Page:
“I think that there’s a lot of concern that we could start to see a real upsurge and this is a continuation of a broader trend underway as we head into the colder months,” Dr. Scott Gottlieb said Sunday.
Gottlieb, former head of the U.S. Food and Drug Administration, appeared on Face the Nation of CBS to caution that the country is “taking a lot of infection into a very dangerous season” for the virus.
Gottlieb isn’t the only expert that has given a warning in the past few days. As a new wave of novel coronavirus cases slowly seeped into America, experts from coast to coast sounded the alarm.
Hospitals fear closure
“Where there are already cracks in the system, those cracks become earthquakes,” Dr. Chris Pernell, University Hospital’s chief strategic integration and health equity officer, told NBC News Saturday.
“A second surge of COVID-19 this fall and winter could be catastrophic for the U.S., and it’s not just more sick people that doctors worry about,” NBC’s report noted.
Experts agree that the economic strain of continued COVID-19 services — especially in the wake of an anticipated upsurge — could be devastating for many hospitals.
By the end of 2020, hospitals across the United States will lose about 300 billion U.S. dollars, according to the American Hospital Association, noting that during the pandemic, hospitals have absorbed the costs of extra supplies, including masks and gloves, and without federal support, many face bankruptcies.
Many experts agree that the upsurge has begun or is on its way, although Gottlieb said it was “unclear” if the recent upsurge “is the start of a persistent trend heading into the fall and the winter,” or whether it was a “temporary” upswing resulting from Labor Day festivities.
As of Monday, in total, the United States has 7,127,210 infections with 204,861 deaths as a result of the pandemic, “more than double Europe’s case count, and many more people live there,” CNN said.
Across the country, daily cases were largely on a downward trend through August and early September from highs in July, but are going up again now, National Public Radio (NPR) noted Saturday.
Anthony Fauci told the media several days ago, “The U.S. is still in its first COVID-19 wave and should be prepared for the ‘challenge’ of fall and winter.”
But Fauci, who has served as the director of the National Institute of Allergy and Infectious Diseases since 1984, may revise his assessment, based on hard data in just the past week.
The country reported more than 58,461 new COVID-19 cases on Friday, according to the Johns Hopkins University Coronavirus Tracker.
Overall, about two-dozen states and territories reported an upward trend in new infections, with some states setting and breaking records in days, according to NPR.
The U.S. Centers for Disease Control and Prevention has projected there would be up to 226,000 coronavirus deaths in the United States by Oct. 17.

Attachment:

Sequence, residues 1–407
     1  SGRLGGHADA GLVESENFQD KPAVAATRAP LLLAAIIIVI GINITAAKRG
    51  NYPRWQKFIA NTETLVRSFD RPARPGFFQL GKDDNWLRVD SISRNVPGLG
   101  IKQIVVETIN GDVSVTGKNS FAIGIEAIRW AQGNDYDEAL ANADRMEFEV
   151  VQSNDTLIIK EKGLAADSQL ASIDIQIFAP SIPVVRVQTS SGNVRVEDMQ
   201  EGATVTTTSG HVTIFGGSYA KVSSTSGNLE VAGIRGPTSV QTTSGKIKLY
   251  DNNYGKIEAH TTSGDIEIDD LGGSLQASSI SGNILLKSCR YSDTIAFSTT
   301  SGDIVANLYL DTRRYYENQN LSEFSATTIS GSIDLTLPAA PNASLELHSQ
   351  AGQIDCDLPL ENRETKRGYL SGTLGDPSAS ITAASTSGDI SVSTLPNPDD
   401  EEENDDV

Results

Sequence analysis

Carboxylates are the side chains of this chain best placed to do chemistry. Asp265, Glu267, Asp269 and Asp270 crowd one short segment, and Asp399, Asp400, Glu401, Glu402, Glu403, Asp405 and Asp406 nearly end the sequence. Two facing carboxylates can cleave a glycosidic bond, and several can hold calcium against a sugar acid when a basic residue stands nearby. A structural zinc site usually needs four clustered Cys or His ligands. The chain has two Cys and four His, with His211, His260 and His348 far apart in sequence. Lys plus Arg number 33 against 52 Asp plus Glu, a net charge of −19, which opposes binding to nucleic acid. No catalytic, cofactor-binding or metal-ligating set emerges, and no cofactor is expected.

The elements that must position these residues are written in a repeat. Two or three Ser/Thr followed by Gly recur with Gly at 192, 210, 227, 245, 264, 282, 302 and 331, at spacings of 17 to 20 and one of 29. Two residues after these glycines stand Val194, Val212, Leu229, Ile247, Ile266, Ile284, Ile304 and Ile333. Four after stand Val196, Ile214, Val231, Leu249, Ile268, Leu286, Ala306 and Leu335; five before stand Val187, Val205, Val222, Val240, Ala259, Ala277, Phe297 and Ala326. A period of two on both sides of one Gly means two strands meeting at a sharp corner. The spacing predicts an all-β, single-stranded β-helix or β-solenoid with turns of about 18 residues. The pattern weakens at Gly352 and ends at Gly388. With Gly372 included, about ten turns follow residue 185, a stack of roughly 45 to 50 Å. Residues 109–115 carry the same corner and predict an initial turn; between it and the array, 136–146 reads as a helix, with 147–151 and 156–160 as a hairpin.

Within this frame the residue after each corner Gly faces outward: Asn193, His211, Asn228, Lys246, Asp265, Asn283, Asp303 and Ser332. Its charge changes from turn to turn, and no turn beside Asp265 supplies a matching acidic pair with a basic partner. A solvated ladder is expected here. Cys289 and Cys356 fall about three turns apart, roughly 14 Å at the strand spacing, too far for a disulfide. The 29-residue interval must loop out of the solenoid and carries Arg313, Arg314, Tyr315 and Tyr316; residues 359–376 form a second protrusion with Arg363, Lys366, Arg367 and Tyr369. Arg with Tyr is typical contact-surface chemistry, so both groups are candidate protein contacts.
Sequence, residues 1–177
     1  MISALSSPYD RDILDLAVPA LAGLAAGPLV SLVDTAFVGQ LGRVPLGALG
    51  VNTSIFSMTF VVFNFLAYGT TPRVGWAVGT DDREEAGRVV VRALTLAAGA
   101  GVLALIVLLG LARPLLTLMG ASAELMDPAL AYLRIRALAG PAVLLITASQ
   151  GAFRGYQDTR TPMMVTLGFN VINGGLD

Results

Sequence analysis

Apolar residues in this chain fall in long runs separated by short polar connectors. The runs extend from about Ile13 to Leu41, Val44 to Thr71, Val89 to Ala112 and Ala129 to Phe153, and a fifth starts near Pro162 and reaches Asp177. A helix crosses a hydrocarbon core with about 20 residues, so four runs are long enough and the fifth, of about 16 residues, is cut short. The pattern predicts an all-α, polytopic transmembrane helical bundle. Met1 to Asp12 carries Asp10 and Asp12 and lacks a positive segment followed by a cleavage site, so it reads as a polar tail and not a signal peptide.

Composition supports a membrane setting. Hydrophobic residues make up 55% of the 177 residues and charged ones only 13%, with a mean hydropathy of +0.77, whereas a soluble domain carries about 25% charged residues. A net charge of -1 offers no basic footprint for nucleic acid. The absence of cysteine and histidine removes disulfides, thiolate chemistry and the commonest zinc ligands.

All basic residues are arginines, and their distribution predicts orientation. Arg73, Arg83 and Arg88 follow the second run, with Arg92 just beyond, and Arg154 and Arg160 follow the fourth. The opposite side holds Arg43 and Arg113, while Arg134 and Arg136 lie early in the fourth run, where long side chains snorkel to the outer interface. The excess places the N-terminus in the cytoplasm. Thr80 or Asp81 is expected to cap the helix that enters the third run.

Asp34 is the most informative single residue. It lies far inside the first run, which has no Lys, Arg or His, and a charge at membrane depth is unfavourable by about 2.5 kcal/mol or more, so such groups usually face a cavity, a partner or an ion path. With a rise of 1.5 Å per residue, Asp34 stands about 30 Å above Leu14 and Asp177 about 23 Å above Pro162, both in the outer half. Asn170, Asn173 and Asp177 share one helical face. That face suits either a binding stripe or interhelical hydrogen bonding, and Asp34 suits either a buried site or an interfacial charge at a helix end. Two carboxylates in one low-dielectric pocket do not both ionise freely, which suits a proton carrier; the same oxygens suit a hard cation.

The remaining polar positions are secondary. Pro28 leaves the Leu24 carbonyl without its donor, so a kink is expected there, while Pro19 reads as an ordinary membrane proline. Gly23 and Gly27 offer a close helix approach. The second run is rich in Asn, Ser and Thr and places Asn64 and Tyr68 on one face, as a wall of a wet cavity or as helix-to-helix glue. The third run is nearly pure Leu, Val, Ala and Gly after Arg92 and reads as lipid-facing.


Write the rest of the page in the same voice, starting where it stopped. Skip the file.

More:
Across the country
On the East Coast, New York Governor Andrew Cuomo announced Saturday there were 1,005 positive cases tallied on the previous day, Friday, out of 99,953 tests, for a 1 percent positive rate.
“Is there cause for concern? As long as COVID is here, yes,” Cuomo’s aide Gareth Rhodes posted on Twitter.
Rhodes stressed Saturday that the new positive-case number came out of nearly 100,000 tests, compared to about 60,000 tests daily in June.
From late July through the start of September, the Empire State was seeing an average of around 660 people test positive per day.
Last week, New York averaged 817 positive tests per day, Cuomo’s office said.
In the Midwest, four states reported record one-day increases in COVID-19 cases on Saturday, a national trend for a second straight week, according to a Reuters analysis.
In Wisconsin, the state’s Department of Health said it had identified 2,817 new infections on Saturday, its highest daily total since the pandemic began. It broke the record of 2,533 new infections from Sept. 18.
“Wisconsin is now experiencing unprecedented, near-exponential growth of the number of COVID-19 cases in our state,” Governor Tony Evers said.
Wisconsin’s hospitalizations have set new records for six days in a row, according to state health data, rising to 543 on Friday from 342 a week ago.
South Dakota’s hospitalizations set records five times last week, rising to 213 on Saturday, the Reuters analysis noted, adding that all Midwest states except Ohio reported more cases in the past four weeks as compared with the prior four weeks.
In California, the state’s top health official, Health and Human Services Secretary Mark Ghaly, warned Friday night that the latest data of COVID-19 in the state was worrisome, since it could be an early sign showing a “second wave” of the virus is coming.
The Golden State saw 3,400 new cases on Friday in the previous 24 hours, marking a slight uptick from recent lows. Meanwhile, the state’s positivity rate, state-wide coronavirus-related emergency department visits and new hospitalizations due to the virus are all on the rise in the past week.